The Accidental Anthropologist Visits REI

KK needed special pants to wear on her upcoming climbing trip in Colorado. She had exhausted all the usual outlets (thrift stores), one unusual outlet (Rock/Creek in Chattanooga), and decided it was time to shop the experts.

I made my first observation before we even entered the building. Those door pulls — are those crampons? Ice picks? Axes shaped like that thing in Alien?

Picture borrowed from dazzlingplaces.com, because I was too confused and intimidated to take my photo at the time.

My assistant tells me they were ice axes, commonly used in moutaineering and alpine travel. I began to fear that I should have brought more than the gluten-free energy bar stashed in my purse for hangry emergencies. I’d hate for this trip to a suburban sprawl-mall to turn into the Donner Party.

Walking to the back of the store, the first phalanx of women’s clothing we encountered were the jackets. This outerwear came in a dizzying array of options: insect repellent, UV protecting, waterproof, breathable, warm into the many negatives of  degrees.

To keep my bearings and to help you become more familiar with the possibilities, I created this lingo bingo game. Play at your own risk.

Edutainment at its finest. A game for learning the REI patois by practicing phrases drawn from women’s jackets descriptions.

The jackets were available in an equally broad palette of colors. In addition to utilitarian grays and blacks, there were plenty in exotic lime green, fuschia, yellow, pink, and purple.  So you can imagine my surprise that one manufacturer had named their gray jacket “Porpoise.” Was “Fat Whale” already taken? But “porpoise” — it even sounds like “corpulent.” “Dolphin,” at least, is sleek and smart and cute.

Isn’t that right, Lisa Frank?

It also reminded me of that old SNL skit where Little Richard Simmons tells a chunky girl in a gray leotard to “never wear battleship gray – 2,000 sailors will try to board you!”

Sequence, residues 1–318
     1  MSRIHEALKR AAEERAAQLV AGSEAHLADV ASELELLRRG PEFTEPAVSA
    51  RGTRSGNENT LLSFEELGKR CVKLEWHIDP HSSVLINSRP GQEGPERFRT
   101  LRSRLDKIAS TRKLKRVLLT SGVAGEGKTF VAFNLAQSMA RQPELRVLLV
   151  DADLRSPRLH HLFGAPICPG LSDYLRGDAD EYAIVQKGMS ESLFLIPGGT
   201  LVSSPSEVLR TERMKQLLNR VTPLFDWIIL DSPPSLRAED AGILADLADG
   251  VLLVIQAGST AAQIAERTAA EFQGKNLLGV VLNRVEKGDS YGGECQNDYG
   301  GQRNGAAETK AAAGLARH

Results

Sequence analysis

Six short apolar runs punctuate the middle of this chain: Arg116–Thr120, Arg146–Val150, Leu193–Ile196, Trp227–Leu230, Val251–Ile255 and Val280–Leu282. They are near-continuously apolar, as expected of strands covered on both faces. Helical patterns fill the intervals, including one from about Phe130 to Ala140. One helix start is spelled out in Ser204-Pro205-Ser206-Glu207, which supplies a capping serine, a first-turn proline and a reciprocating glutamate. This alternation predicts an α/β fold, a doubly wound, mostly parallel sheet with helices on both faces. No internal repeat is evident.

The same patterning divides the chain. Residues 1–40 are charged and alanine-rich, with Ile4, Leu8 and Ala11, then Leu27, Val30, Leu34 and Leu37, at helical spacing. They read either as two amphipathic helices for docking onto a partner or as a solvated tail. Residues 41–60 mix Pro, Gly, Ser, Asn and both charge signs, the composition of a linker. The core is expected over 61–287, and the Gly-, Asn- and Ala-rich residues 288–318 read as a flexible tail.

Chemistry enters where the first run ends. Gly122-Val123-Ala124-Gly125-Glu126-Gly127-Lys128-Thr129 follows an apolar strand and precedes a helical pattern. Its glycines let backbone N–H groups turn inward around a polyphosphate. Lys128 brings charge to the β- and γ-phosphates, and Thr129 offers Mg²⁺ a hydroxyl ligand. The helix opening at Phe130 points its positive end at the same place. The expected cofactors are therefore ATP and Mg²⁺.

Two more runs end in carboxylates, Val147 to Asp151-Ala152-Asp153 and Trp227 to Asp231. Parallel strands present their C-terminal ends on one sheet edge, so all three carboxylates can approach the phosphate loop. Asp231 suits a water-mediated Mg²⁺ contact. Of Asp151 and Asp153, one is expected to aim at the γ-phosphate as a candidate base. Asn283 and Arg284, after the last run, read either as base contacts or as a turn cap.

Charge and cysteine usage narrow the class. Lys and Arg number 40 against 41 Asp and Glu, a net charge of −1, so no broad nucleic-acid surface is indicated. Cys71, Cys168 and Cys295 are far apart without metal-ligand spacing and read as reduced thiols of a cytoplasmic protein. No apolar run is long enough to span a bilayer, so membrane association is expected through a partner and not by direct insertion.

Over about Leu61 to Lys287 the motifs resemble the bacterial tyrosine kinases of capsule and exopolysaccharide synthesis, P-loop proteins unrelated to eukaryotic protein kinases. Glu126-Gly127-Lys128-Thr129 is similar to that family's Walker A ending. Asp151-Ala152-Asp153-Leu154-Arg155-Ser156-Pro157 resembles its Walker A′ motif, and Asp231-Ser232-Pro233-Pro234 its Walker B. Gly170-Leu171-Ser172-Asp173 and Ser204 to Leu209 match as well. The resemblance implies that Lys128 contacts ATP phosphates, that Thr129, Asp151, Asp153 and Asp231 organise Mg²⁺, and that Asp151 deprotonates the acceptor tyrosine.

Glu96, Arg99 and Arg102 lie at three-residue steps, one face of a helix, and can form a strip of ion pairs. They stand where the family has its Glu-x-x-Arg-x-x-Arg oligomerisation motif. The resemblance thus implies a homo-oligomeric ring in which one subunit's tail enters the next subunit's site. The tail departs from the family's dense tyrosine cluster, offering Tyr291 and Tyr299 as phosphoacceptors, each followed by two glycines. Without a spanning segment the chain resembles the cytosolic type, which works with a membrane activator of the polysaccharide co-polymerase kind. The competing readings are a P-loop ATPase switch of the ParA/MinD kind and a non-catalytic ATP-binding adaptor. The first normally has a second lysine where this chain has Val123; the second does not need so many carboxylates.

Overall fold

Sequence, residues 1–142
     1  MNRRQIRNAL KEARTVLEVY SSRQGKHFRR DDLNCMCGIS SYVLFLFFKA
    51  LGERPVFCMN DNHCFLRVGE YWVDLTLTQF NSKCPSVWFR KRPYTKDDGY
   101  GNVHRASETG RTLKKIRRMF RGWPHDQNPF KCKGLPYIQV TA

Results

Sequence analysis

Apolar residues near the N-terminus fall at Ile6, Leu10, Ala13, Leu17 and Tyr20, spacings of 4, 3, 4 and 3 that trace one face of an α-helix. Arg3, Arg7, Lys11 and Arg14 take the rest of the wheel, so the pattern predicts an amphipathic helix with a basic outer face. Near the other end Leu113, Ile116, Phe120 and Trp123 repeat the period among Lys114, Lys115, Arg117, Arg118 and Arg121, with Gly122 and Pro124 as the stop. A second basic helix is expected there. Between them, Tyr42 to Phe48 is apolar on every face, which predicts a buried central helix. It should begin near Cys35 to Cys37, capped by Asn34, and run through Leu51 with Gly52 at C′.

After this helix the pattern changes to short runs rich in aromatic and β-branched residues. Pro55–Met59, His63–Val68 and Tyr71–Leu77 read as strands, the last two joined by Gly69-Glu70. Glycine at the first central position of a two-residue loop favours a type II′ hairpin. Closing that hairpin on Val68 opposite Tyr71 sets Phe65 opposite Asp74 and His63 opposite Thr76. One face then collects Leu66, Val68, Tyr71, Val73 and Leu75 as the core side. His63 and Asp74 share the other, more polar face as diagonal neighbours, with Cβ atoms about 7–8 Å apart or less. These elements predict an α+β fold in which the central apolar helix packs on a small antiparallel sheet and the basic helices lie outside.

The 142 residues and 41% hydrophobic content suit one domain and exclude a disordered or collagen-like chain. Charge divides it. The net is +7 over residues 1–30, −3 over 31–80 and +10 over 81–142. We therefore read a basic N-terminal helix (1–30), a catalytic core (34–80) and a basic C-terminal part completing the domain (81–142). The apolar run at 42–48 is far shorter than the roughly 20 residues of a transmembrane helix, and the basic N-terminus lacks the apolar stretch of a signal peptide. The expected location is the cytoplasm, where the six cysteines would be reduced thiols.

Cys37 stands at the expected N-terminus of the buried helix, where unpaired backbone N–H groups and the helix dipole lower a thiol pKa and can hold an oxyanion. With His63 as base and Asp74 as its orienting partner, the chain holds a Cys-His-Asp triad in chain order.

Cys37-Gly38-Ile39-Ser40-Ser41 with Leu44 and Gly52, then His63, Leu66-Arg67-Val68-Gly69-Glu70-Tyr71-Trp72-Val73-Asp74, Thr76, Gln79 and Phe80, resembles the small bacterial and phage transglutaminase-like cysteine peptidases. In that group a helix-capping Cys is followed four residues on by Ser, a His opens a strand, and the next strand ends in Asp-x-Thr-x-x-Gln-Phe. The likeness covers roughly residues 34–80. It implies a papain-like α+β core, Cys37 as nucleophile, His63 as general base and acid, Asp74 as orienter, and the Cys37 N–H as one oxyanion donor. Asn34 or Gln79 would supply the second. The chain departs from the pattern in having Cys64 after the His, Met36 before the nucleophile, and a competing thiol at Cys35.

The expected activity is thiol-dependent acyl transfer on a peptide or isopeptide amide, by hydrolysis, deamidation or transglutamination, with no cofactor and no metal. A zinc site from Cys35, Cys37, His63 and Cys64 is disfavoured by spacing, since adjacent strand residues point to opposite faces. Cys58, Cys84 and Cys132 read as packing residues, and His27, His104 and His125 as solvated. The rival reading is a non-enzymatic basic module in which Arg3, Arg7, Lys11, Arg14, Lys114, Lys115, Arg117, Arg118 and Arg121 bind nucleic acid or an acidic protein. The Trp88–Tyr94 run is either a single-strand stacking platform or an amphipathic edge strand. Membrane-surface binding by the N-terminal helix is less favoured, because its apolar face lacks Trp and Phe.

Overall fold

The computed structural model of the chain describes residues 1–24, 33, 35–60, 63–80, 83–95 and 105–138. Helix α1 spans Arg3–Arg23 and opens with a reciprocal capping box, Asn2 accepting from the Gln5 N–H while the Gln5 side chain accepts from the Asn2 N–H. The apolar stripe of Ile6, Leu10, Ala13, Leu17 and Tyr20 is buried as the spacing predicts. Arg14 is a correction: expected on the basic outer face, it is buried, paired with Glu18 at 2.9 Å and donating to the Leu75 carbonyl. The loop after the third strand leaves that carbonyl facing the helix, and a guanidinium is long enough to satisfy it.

But pants were the point of the trip, and we soon found some.

Because these pants were designed (or, at least, marketed) to be functional, they had enough features to quickly send one down a spiral of decision fatigue that would make public nudity look like a welcome relief: knee gussets or crotch gussets, zippers here or zippers there, velcro or buttons or snaps, drawstrings or belts, zip-off convertibles or just roll-em-ups.

Undaunted, KK collected about 15 pairs and headed for the dressing room.  The pants that passed the initial fit test were subjected to a more rigorous testing process.

This is from that Chattanooga shopping trip – they had nice huge dressing rooms.

This included chicken dance impressions and as much jumping, lunging, bending, and knee lifting as could fit into that <10 sq ft space — everything but a few roundhouse kicks, which would have splintered the door and rained mirror shards.

The Accidental Anthropologist was left to dodge flying knees and elbows while trying to come up with an original comment for each pair. Low-hanging fruit like “Those look…comfortable” soon devolved into “Those look…like pants” which turned into “Didn’t you already try those on?” Because unlike most women’s clothing, which comes in a maddening variety of colors and materials, the hikey/climby pants came in only two colors — black and a narrow spectrum of brownish-grayish-greenish I’ll call “dirt.”

Success at last! A suitable pair of climbing pants had been isolated. But “while we’re all the way up here,” KK wanted to weave through the rest of the yoga tanks, hundred-dollar hoodies, and post-apocalyptic hooded sack dresses.

Harmless fun, I thought. And then I was captivated by a lovely green plaid shirt, perched like a rare Amazonian parrot, on an upper rack.

I tentatively touched the hem of the garment and found it was made of flannel, soft and supple. Wondering if I might be able to fit into a Large, I gaily flipped through the 2, 4, 10, 6, and finally landed on the largest available, a 12 — just like haute couture!